As I mentioned in yesterday’s post, in just under three days time, I will be partaking in the Poetry Writing Month challenge, in which I write 30 poems in 30 days. Some awesome people have already agreed to participate in this as well, which is quite exciting, and I am looking forward to the challenge immensely.

As part of this challenge, I am going to write a few blogs about different poetic forms, trying to focus on some of the lesser known, but perhaps more enjoyable, forms. I will outline the rules for each one, show examples, and explain what it is I personally like about it, as well.

Perhaps my favourite form is the villanelle. This form includes a lot of repetition to enforce a somewhat circular structure, not allowing any linear progression of narrative, but instead bringing the focus back around to the same thoughts and emotions, and really honing in on these, adding to their power and poignancy. It is relatively easy to get the hang of, and despite being a four hundred year old form, it has seen a great rebirth in the last century, due to its almost song-like qualities (indeed, when it first appear centuries ago, it was likely to have been sung like a song).

The basics of it are as follows. A villanelle consists of 19 lines, broken into five stanzas of 3 lines each, and ending on a final stanza of four lines. The first line of the first stanza is repeated as the last line of the second and fourth stanzas, while the last line of the first stanza is repeated as the last line of the third and fifth stanzas, and these two repeated lines then both reappear to make the last two lines of the final stanza. As a result, the whole poem falls into an aba rhyme scheme, with one sound being repeated thirteen times and the other six times. More importantly, once you’ve written the first stanza, you’ve also written the last lines of every other stanza, and so you just have to go back and fill in the blanks, so to speak – the circular structure has already been created.

Before going into any more detail, I think now is a good time for a couple of examples. In the first poem, some of the repeated lines are tweaked a little – this is alright as long as it is roughly the same as the line it should be repeating. In the other poem the lines are repeated with precision.

One Art by Elizabeth Bishop

The art of losing isn’t hard to master;
so many things seem filled with the intent
to be lost that their loss is no disaster.

Lose something every day. Accept the fluster
of lost door keys, the hour badly spent.
The art of losing isn’t hard to master.

Then practise losing farther, losing faster:
places, and names and where it was you meant
to travel. None of these will bring disaster.

I lost my mother’s watch. And look! my last, or
next-to-last, of three loved houses went.
The art of losing isn’t hard to master.

I lost two cities, lovely ones. And, vaster,
some realms I owned, two rivers, a continent.
I miss them, but it wasn’t a disaster.

-Even losing you (the joking voice, a gesture
I love) I shan’t have lied. It’s evident
the art of losing’s not too hard to master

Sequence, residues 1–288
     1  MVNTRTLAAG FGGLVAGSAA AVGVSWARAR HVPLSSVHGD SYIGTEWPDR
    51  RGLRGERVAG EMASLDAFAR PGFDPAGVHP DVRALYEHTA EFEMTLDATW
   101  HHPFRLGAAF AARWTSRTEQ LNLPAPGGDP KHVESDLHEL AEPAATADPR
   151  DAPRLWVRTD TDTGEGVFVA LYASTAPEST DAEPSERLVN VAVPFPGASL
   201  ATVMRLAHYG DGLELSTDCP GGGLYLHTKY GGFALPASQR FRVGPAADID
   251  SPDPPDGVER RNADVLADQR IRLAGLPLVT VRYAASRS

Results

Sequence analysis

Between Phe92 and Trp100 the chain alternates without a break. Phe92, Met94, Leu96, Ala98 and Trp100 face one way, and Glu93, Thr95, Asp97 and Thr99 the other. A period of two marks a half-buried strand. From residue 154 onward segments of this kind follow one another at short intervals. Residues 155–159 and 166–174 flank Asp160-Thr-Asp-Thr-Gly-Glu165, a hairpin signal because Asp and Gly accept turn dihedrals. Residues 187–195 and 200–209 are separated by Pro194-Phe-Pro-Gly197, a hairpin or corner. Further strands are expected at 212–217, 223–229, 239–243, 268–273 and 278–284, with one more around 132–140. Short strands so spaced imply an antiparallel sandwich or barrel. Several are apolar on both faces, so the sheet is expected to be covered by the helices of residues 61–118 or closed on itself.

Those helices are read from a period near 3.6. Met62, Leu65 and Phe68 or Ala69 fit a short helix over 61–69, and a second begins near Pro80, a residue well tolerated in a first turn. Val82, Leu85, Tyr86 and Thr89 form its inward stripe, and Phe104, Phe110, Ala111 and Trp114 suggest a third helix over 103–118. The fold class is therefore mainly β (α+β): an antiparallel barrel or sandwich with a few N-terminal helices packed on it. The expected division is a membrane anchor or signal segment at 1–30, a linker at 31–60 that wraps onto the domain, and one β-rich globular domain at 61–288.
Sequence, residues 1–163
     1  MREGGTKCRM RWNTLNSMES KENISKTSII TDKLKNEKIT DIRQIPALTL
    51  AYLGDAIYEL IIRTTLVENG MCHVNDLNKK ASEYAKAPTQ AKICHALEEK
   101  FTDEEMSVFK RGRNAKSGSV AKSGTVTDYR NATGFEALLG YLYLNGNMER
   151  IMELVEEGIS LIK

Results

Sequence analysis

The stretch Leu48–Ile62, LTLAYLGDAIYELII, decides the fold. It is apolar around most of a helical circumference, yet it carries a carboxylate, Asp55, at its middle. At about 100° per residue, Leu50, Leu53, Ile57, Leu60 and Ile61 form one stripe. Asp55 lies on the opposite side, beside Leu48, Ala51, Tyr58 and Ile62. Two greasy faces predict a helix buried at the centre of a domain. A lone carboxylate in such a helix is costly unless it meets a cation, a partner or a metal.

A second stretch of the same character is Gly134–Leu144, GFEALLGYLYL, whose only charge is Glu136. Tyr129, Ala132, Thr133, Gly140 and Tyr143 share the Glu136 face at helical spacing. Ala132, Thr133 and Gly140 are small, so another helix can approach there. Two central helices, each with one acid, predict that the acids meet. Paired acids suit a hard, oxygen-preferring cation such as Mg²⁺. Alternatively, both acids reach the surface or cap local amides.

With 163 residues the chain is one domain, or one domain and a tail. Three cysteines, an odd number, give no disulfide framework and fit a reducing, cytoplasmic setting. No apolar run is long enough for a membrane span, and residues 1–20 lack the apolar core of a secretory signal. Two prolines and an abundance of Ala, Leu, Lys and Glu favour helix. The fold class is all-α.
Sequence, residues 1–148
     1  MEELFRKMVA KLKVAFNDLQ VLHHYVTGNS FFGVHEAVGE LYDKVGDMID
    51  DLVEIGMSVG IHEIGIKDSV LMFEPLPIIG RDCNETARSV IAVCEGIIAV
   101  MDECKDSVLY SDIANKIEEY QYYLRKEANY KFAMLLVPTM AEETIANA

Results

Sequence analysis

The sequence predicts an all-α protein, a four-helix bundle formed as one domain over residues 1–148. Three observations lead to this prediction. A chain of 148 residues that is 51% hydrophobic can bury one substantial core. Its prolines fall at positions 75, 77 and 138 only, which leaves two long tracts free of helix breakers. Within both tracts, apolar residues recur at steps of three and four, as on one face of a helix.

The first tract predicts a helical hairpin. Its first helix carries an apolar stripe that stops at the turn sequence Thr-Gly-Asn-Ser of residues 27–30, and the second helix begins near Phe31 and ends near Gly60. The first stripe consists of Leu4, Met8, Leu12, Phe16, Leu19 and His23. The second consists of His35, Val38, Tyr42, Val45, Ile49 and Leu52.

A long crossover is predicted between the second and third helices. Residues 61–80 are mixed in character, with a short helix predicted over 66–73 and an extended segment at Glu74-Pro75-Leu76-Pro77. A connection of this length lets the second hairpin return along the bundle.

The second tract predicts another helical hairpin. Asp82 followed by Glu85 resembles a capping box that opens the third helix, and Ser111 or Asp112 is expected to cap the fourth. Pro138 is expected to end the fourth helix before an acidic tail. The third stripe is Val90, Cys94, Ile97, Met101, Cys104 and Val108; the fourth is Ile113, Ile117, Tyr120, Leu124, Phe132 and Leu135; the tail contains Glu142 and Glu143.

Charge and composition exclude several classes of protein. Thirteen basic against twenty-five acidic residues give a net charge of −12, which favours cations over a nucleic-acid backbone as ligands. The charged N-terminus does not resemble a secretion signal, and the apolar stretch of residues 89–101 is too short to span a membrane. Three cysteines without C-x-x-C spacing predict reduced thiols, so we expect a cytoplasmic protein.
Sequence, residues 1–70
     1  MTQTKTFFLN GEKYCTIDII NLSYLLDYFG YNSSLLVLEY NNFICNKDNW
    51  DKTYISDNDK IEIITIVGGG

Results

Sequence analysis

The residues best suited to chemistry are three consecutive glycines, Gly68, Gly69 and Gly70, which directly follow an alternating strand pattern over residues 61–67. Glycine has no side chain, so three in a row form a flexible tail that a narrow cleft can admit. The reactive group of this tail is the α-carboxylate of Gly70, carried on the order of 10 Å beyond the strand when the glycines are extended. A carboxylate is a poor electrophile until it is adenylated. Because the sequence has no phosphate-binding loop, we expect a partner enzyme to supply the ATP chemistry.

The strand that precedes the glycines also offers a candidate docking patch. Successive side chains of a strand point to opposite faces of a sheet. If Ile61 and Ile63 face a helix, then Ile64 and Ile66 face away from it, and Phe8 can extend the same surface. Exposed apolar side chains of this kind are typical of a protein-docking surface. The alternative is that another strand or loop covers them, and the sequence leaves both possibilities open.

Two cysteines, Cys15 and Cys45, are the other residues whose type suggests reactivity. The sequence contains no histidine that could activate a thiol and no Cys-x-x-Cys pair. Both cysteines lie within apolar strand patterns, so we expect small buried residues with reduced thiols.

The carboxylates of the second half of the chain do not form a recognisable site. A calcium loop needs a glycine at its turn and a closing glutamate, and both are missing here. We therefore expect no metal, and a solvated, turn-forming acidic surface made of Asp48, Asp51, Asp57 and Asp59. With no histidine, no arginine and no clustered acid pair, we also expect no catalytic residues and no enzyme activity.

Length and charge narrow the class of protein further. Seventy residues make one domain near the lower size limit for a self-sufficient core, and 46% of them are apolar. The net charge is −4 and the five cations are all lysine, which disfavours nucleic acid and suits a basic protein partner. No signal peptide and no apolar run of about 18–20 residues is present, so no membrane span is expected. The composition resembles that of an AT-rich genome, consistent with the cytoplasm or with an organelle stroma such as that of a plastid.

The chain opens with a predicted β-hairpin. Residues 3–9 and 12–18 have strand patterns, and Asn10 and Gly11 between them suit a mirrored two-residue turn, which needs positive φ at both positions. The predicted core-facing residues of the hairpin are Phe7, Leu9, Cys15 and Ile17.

though it may look like (Write it!) like disaster.

Do Not Go Gentle into That Good Night by Dylan Thomas

Do not go gentle into that good night,
Old age should burn and rave at close of day;
Rage, rage against the dying of the light.

Though wise men at their end know dark is right,
Because their words had forked no lightning they
Do not go gentle into that good night.

Good men, the last wave by, crying how bright
Their frail deeds might have danced in a green bay,
Rage, rage against the dying of the light.

Wild men who caught and sang the sun in flight,
And learn, too late, they grieved it on its way,
Do not go gentle into that good night.

Grave men, near death, who see with blinding sight,
Blind eyes could blaze like meteors and be gay,
Rage, rage against the dying of the light.

And you, my father, there on the sad height,
Curse, bless, me now with your fierce tears, I pray.
Do not go gentle into that good night.
Rage, rage against the dying of the light.

Hopefully by reading through these two poems, you can see how this form works, how the repetition of the lines and the tight rhyming pattern keep a circular, musical feel to the villanelle. Hopefully you can see that this form isn’t restrictive – rather it is like a guide, to help steer thoughts and feelings in a particular way, while putting them down on the page. Hopefully these two poems, both from the twentieth century I might add, can demonstrate the different ways you can follow the rules of this form too – one follows it loosely, the other much more rigidly, yet both are powerful in their individual ways.

Since discovering this form, thanks to the book The Making of a Poem: A Norton Anthology of Poetic Forms by Mark Strand and Eavan Boland, I have written maybe a dozen villanelles myself, and have utterly enjoyed writing them. No doubt I’ll write a few more over April, as well.

If you have never tried writing a villanelle before, have a go at writing one. You’ll be surprised how enjoyable it is, even if you’re not overly keen on writing or reading poetry. And if you do write one, I would love to read it, or even just hear about your experiences of attempting to write a villanelle, which can be as exciting as the final product itself.

Happy writing!